On the way off of the ferry, there's an off-camber, decreasing-radius 20 kph corner. Cool Ranch does a skid. Reportedly, a little poop came out.

It's hot. In the ensuing convoy, the Celica overheats multiple times, requiring a constant gauge sweep and fast hands on the cabin-temperature dial. We keep pushing.

Almost two hours later, the road finally widens enough to put the hammer down and safely pass the Mazda3. At one point we counted nearly thirty cars (the contents of two ferries) riding behind this woman, unable to safely pass in time due to the near-gridlock of its procession.

We stop at a Carls Jr in Vernon to try and rehydrate, get some food in us. None of us are in much of a mood for jovialty. Things get worse when we try to key-on the Celica and it won't chooch. We can drive it, but it wouldn't hold an idle and nothing resembling power is coming out.

Fuck. Is it heat soaked?

After a few more attempts the Celica approaches something functional. We kill everything unnecessary on the electrical system and plan to hit the highway, hoping the increased airflow over the no-doubt-clogged rad will cool down the car. A raincloud hangs over the horizon and I begin to pray to the shade of Soichiro Honda for rain.

I am still surprised we made it over the mountain. Through Slung Blade's watchful operation and bravery, the car actually makes it to Kelowna. During rush hour. In thirty-degree boiling-pavement heat-soaked weather. It is here that our luck runs out.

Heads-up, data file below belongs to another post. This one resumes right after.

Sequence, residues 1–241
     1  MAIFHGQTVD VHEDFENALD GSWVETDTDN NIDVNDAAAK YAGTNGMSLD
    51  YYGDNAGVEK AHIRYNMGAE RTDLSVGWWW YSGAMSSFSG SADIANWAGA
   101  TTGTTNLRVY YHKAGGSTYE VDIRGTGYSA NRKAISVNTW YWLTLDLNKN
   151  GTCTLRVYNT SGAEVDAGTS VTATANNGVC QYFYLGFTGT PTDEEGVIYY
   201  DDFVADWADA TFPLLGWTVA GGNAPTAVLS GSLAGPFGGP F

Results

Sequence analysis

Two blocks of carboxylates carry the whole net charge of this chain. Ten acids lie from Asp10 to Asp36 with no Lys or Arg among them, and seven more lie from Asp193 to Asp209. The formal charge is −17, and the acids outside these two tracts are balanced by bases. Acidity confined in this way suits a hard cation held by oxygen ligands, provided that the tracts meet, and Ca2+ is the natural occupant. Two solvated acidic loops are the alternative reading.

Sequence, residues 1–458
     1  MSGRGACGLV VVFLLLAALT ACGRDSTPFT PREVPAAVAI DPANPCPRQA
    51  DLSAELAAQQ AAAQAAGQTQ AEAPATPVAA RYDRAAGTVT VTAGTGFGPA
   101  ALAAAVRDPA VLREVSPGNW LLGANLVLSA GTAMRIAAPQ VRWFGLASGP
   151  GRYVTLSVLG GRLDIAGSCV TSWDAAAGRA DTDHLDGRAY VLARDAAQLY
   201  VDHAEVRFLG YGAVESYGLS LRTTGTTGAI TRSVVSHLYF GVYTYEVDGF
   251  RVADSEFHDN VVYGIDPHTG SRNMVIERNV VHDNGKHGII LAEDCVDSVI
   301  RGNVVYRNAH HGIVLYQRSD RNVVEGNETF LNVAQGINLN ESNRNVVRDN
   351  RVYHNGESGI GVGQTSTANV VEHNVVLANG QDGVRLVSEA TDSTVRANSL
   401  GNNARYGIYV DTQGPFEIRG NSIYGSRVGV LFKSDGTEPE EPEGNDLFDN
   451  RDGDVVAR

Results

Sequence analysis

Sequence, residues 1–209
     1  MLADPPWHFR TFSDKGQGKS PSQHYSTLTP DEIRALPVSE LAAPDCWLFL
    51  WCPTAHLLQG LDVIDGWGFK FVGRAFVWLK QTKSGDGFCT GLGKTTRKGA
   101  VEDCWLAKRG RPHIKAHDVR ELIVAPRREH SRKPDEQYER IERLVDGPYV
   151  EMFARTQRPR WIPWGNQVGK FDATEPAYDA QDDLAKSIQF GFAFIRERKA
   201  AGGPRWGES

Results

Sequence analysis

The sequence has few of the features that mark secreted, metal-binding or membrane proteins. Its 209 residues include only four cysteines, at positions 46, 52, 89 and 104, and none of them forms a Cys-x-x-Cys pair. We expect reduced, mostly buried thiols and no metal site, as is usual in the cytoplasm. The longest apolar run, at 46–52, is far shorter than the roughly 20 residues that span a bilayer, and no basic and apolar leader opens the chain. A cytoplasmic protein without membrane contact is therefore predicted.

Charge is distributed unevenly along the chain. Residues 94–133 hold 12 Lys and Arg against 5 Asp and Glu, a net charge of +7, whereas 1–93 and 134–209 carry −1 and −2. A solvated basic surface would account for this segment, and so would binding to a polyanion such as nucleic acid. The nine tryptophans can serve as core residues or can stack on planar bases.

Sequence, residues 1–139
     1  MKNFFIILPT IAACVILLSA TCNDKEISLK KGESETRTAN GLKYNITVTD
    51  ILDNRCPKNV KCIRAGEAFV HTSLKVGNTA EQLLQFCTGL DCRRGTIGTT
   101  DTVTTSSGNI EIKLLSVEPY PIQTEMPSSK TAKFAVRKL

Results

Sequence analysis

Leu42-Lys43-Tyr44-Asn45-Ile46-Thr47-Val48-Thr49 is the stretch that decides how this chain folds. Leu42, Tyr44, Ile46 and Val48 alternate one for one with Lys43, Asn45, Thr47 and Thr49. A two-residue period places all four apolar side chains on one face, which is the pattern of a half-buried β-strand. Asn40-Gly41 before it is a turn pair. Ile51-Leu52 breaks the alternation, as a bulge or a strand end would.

Just as the first small drops of rain begin to fall on the hood of the Celica, it rumbles to a stop, dead, in stop-and-go downtown traffic. Quelling our panic, we manage to restart the car eventually and limp it to the closest parking lot. For whatever reason, the Celica is now dead.

What's not getting there: air, fuel, spark? The Dorito teams arrive, and we discuss the necessaries. Eventually a consensus emerges: it is probably the fuel filter, since we never changed it. In fact, I have no idea where the fuel filter is, otherwise I would have noticed it by now.

It's here.

It's here.

While McTinkerson runs to get a fuel filter from a nearby Canadian Tire, Slung Blade and I begin to dismantle the car, producing an immense mass of Toyota parts in the spot next to us. I begin to notice there is a Smart Car constantly driving around us, the girl on board eyeing us up in the way that underpaid and untrained loss compliance officers do.

As we wrench, I consider the Sparks Corn Barn across the street. At one point a small box truck approaches it, loads something into the truck, and leaves. CSIS dead drop. It has to be.

As we wrench, I consider the Sparks Corn Barn across the street. At one point a small box truck approaches it, loads something into the truck, and leaves. CSIS dead drop. It has to be.

With an hour's worth of cursing and wrench-turning the old fuel filter comes free. It is completely dry on the output end and clogged with mud on the input end. I think back to the rural uckyfay gas station in Nakusp.

The Celica's first tentative fawn-like steps are successful. We are back on the road against all odds. It is dark, it is hot, and we are tired and thirsty. An executive decision is made: we will head over the Merritt Parkway into Merritt and secure a hotel.

Why a hotel? Sweet Chili Heat is so loud as to violate the "quiet hour" statute of almost all public and private campgrounds, and by the time we get to Merritt it will be well past the aforementioned hour.

On the Parkway, Sweet Chili Heat treats us to a series of fireballs via its copious exhaust. I find myself cheering along, excited to be living the fantasy of this event. Brap brap brap brap brap brap.

We pull into Merritt and end up in a nicely renovated motel.

Let me tell you about what kind of town Merritt is.

I'll retire there.

I'll retire there.